Yes, especially since it means “man” in its general and slightly archaic sense: humanity. It can also sometimes refer to any person, such as when it’s used in the law to refer to anyone who contracts a skin disease (Leviticus 13:2, 9). Unfortunately, our Bibles usually only transliterate the sound of the Hebrew word into Adam in places where it seems to be a name. Elsewhere it’s translated as a variety of other words (“people”, “person”, “mankind”, “man”, “everyone”, “one”, “mortals”, “mortal”). Even worse, in the one place where Adam is explicitly given as a name – by God to all the first humans, male and female, in Genesis 5:2 – modern translations typically use a different name instead. This makes it very easy for readers to not notice that Adam means humanity.
So yes, since Adam means humanity, the Eden accounts seems a bit like Ezekiel 16 where we have a woman named Jerusalem. The name suggests the character tells the story of more than an individual. (Where it gets tricky, of course, is that we don’t have Jerusalem’s genealogy! But I’m wary of making genealogies the linchpin for how to understand Adam.)
While I’m open to a local flood, I lean towards a parabolic reading due to one feature of the text. A key reason God sends the flood is because “The LORD saw that the wickedness of humankind was great in the earth, and that every inclination of the thoughts of their hearts was only evil continually” (Genesis 6:5). Later, we get the reason there will never be another similar destruction of the earth: “the LORD said in his heart, ‘I will never again curse the ground because of humankind, for the inclination of the human heart is evil from youth; nor will I ever again destroy every living creature as I have done” (Genesis 8:21).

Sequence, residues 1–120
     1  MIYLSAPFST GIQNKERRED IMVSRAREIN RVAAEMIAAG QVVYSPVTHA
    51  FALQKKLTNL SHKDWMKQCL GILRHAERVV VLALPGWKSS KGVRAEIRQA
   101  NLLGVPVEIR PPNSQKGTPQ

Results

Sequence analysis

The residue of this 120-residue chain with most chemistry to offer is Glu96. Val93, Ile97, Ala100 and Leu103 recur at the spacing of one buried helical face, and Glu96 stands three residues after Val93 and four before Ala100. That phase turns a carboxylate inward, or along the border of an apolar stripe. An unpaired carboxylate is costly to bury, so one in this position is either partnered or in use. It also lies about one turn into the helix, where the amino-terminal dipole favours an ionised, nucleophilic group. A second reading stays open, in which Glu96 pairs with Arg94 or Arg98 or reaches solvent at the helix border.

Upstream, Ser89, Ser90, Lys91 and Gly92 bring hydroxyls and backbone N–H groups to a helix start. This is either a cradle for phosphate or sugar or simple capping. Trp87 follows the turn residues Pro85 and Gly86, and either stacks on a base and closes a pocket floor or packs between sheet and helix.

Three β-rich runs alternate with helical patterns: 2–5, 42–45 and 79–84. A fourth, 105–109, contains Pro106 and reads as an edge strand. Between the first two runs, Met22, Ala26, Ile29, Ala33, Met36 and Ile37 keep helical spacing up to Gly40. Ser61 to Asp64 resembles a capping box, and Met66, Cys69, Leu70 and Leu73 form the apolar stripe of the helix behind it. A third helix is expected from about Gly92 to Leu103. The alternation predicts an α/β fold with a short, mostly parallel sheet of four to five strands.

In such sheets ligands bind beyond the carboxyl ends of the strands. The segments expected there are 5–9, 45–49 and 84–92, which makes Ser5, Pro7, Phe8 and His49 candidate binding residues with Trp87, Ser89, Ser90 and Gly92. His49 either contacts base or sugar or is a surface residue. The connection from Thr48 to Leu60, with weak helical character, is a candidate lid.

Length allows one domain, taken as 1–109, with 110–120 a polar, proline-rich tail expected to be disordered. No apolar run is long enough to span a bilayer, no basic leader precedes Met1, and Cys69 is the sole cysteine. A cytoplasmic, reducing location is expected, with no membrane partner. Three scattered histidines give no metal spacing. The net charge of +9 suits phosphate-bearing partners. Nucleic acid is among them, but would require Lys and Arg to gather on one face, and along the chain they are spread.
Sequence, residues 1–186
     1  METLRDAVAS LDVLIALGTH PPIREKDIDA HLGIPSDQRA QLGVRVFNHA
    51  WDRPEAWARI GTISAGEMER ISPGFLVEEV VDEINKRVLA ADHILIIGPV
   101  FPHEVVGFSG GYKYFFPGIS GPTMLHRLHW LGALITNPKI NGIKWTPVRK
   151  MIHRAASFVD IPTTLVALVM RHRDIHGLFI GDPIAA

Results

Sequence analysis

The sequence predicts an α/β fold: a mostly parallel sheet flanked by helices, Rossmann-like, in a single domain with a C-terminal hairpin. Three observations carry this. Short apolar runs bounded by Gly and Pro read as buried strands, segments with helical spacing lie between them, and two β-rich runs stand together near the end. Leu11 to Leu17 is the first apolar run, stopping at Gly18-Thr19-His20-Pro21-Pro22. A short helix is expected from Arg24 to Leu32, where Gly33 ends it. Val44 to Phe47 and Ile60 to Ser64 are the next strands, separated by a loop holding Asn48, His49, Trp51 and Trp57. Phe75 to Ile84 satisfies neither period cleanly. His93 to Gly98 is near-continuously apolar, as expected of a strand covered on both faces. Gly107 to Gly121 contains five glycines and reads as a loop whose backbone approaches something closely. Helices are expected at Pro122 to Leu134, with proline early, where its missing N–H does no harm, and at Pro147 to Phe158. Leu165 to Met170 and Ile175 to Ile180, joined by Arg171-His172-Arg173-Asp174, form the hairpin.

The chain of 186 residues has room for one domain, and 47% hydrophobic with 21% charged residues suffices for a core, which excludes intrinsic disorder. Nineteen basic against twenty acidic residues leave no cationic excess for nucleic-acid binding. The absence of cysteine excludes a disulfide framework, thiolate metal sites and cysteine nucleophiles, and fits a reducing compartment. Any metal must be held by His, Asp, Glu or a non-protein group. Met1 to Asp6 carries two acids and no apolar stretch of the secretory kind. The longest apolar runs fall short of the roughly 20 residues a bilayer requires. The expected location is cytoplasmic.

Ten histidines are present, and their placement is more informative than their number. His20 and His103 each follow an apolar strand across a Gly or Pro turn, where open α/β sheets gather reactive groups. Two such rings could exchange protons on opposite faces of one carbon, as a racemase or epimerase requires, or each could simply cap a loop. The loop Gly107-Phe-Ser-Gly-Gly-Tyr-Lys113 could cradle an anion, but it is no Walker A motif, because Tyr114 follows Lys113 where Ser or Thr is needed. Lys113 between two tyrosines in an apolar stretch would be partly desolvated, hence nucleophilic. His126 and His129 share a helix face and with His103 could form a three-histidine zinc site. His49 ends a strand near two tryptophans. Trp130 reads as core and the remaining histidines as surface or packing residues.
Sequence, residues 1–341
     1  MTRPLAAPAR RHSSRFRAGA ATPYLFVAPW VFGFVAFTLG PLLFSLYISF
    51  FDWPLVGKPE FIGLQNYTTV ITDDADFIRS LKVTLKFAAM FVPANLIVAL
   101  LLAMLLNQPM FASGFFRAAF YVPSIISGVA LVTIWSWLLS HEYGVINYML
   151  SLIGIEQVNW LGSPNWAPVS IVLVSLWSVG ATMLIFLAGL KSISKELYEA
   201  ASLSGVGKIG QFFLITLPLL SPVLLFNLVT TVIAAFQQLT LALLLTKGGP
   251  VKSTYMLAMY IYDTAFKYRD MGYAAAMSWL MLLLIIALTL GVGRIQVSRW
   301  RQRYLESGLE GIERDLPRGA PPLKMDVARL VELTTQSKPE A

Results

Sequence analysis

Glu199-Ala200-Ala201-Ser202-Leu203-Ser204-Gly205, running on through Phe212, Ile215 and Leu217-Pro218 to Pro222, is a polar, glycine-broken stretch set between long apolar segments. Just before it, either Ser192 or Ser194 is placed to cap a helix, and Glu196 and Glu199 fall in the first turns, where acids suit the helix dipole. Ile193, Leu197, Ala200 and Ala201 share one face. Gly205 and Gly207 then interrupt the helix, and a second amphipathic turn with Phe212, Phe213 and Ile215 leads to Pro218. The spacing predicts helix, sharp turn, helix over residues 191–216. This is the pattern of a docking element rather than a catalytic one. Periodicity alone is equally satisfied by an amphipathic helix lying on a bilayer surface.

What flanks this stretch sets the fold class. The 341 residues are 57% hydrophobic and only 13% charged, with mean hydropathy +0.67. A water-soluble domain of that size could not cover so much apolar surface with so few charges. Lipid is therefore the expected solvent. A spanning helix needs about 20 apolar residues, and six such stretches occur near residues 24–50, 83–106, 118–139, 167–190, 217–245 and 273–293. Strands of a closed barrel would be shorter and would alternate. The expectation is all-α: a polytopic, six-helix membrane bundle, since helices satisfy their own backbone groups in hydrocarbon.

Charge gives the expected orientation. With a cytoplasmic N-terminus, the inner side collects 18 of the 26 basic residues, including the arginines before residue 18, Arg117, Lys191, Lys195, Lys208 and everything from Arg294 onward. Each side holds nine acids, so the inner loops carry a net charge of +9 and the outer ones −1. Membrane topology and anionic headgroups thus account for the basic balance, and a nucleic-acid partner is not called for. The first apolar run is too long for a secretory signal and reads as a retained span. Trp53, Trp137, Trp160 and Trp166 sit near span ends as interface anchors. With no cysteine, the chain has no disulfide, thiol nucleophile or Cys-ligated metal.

It appears God had the same reason for sending the flood and never sending another one! The account reads as if God thinks the flood is going to fix the problem, but when it doesn’t, God gives up. Now, I can accept that as a parable for why God is merciful with us in spite of our evil – how even if God started over with the best of us, they’d still cause things to go south – but it doesn’t work to me as an accurate portrayal of how God found out how messed up we are. I think God knew that all along. I don’t think God ever thought that wiping out all humans save eight would fix that problem.
Yes, though I’d put it more as God giving humanity an undeserved promotion and special role as in Psalm 8 (“what are human beings that you are mindful of them, mortals that you care for them? Yet you have made them a little lower than God, and crowned them with glory and honour”) rather than tying it to an immortal soul. That concept seems quite foreign to Genesis, especially due to the purpose of the tree of life and the expulsion from the garden so humans don’t become immortal.
Anyway, just some of my thoughts. I appreciate the chance to dialogue!